Surveillance Legislation Amendment (Identify and Disrupt) Bill 2020
The submission to the Parliamentary Joint Committee on Intelligence and Security in response to the Surveillance Legislation Amendment (Identify and Disrupt) Bill 2020 (Bill).
The Bill proposes to amend the Surveillance Devices Act 2004 (Cth) (SDA) and Crimes Act 1914 (Cth) (Crimes Act) to confer three new powers on the Australian Federal Police (AFP) and Australian Criminal Intelligence Commission (ACIC), namely:
- data disruption warrants, which authorise the exercise of ‘offensive’ data disruption powers to frustrate the suspected commission of an offence using a computer that is punishable by a maximum penalty of three or more years’ imprisonment. These warrants can also be accompanied by compulsory assistance orders, which require any person with relevant knowledge or expertise to assist the AFP or ACIC, under penalty of 10 years’ imprisonment;
- network activity warrants, which enable the ACIC or AFP to monitor the computer-related activities of criminal groups for the purpose of collecting intelligence, rather than investigating an offence to obtain admissible evidence; and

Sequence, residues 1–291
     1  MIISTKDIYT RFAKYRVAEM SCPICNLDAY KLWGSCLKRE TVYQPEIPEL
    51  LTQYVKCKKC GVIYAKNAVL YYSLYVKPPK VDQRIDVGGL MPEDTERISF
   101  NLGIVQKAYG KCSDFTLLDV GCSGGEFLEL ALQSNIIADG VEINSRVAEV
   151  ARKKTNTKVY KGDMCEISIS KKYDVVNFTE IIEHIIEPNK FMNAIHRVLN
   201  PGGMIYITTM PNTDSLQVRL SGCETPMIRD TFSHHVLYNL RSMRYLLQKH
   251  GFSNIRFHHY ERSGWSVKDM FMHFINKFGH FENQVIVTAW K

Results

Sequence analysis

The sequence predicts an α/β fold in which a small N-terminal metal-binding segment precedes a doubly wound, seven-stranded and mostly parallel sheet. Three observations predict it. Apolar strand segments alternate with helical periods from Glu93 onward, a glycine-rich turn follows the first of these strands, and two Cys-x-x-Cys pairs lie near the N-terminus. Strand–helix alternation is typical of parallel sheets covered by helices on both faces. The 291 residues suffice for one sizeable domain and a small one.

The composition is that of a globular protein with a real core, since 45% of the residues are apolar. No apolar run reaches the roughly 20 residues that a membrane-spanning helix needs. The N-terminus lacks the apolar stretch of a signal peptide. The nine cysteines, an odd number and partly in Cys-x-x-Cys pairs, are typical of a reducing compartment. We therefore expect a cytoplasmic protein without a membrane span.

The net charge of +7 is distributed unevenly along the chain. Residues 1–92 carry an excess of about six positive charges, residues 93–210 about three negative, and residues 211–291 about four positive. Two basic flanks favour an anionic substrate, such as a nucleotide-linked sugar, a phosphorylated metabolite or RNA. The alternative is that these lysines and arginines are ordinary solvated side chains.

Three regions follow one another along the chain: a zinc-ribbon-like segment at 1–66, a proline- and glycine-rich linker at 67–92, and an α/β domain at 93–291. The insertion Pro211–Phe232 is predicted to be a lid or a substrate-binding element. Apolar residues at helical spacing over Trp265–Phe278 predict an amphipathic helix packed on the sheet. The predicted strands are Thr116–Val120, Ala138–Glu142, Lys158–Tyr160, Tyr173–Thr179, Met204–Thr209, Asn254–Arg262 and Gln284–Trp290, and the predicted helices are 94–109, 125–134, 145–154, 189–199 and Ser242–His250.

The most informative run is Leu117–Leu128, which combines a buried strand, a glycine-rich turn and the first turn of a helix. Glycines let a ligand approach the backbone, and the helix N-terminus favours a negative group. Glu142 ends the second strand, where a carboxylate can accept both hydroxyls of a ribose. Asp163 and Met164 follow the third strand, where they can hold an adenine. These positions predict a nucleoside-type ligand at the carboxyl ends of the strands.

- account takeover warrants, which authorise the AFP or ACIC to assume control of an online account that is suspected of being used in the commission of an offence punishable by at least three years’ imprisonment, to enable an investigation.
The Bill also proposes to expand the oversight remit of the Inspector-General of Intelligence and Security (IGIS) to cover the actions of the ACIC and AFP under network activity warrants. This requires consideration alongside the proposed amendments to oversight legislation in the Intelligence Oversight and Other Legislation Amendment (Integrity Measures) Bill 2020, which the Committee is reviewing separately.
The Law Council acknowledges that law enforcement agencies need powers that are adapted to the specialised context of cyber-enabled offences, particularly serious and harmful offences carried out online, such as child exploitation and terrorism.
However, the necessity and proportionality of the proposed powers requires careful scrutiny, both in terms of their overall operational objectives, and their detailed provisions. The new powers represent major expansions of the existing powers of the AFP and ACIC, which depart sharply from the traditional focus of their investigative powers on the collection of admissible evidence of specific offences. They also have the potential to have significant adverse impacts on large numbers of non-suspects who are lawfully using the networks, systems or accounts that are suspected of being used by offenders.
You can read the full submission below.
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